Yu Darvish’s Eephus Pitch Cracks Torii Hunter And Everybody Else
The Eephus pitch was made famous by Rip Sewell, who played for the Pirates during the World War II era. The high arching, softball-like toss comes in as slow as 40 MPH and is meant to fool the hitters by messing up their timing. Sewell’s eephus pitch helped him make three All-Star games, and the only homer he ever gave up on an eephus was to Ted Williams in the 1946 Midsummer classic after Teddy Ballgame jokingly asked for the toss. Williams later admitted that he ran out in front of the batters box when attacking the pitch — which should have been an out if the umpire was paying more attention.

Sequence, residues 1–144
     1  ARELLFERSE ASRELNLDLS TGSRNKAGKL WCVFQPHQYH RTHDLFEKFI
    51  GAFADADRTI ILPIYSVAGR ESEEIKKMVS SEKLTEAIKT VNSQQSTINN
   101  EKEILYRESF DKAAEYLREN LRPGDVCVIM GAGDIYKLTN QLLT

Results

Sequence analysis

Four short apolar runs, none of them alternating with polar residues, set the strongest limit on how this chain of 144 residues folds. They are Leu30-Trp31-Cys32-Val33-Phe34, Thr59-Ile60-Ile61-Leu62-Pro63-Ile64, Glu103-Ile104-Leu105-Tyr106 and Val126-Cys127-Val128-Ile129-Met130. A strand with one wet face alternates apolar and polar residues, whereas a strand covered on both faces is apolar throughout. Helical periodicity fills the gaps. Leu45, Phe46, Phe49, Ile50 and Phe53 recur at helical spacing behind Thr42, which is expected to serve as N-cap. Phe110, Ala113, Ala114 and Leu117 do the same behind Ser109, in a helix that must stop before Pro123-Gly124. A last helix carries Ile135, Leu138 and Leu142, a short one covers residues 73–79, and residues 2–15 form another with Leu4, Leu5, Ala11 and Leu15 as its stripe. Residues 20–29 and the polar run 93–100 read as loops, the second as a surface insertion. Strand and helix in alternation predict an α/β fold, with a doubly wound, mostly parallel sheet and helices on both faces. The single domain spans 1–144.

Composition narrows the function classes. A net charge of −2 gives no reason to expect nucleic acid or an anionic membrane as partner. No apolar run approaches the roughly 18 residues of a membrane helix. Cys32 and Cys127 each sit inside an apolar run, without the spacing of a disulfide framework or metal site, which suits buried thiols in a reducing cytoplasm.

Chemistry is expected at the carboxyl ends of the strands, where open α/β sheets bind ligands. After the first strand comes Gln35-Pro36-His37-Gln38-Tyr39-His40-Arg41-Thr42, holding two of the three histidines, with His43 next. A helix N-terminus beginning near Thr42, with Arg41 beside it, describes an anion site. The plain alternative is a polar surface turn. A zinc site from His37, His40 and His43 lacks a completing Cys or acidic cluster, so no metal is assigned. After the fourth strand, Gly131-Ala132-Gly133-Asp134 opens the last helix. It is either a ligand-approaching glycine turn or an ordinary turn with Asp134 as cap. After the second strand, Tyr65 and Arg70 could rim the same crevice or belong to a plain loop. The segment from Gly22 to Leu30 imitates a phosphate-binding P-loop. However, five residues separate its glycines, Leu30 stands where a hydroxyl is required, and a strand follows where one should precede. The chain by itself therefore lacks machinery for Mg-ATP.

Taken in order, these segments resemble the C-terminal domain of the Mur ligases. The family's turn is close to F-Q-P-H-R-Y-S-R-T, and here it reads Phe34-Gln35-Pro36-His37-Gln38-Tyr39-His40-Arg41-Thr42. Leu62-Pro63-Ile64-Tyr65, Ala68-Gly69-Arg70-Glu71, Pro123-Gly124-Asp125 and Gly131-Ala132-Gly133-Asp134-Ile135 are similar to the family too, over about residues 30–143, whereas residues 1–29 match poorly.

Other pitchers who have used the eephus – which comes from the Hebrew word meaning “nothing” — include Satchel Paige, Pascual Perez, the Hernandez brothers, Phil Niekro, Bob Tewksbury and Bill “Spaceman” Lee. Lee famously gave up a home run to Tony Perez in the seventh game of the 1975 World Series on the slow toss. Since the Red Sox lost that game the eephus became part of Boston’s notorious World Series curse, since broken.
This isn’t the first time Darvish has thrown the eephus, and judging from its location he still has a lot of work to do on the pitch.
Which is good news for American League hitters; there would be nothing funny about Darvish with yet another weapon.